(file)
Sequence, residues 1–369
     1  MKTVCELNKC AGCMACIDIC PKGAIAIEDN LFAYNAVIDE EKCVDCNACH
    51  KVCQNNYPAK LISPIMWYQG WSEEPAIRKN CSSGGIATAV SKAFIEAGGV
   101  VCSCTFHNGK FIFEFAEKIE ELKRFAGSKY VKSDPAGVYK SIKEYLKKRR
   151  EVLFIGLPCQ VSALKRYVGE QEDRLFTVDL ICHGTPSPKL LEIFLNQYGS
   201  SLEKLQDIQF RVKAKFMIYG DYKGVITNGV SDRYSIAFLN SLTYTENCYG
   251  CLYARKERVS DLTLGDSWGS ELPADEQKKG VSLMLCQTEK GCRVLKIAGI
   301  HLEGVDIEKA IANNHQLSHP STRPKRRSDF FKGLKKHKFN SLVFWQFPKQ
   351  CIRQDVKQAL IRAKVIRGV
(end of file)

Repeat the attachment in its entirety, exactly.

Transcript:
Sequence, residues 1–369
     1  MKTVCELNKC AGCMACIDIC PKGAIAIEDN LFAYNAVIDE EKCVDCNACH
    51  KVCQNNYPAK LISPIMWYQG WSEEPAIRKN CSSGGIATAV SKAFIEAGGV
   101  VCSCTFHNGK FIFEFAEKIE ELKRFAGSKY VKSDPAGVYK SIKEYLKKRR
   151  EVLFIGLPCQ VSALKRYVGE QEDRLFTVDL ICHGTPSPKL LEIFLNQYGS
   201  SLEKLQDIQF RVKAKFMIYG DYKGVITNGV SDRYSIAFLN SLTYTENCYG
   251  CLYARKERVS DLTLGDSWGS ELPADEQKKG VSLMLCQTEK GCRVLKIAGI
   301  HLEGVDIEKA IANNHQLSHP STRPKRRSDF FKGLKKHKFN SLVFWQFPKQ
   351  CIRQDVKQAL IRAKVIRGV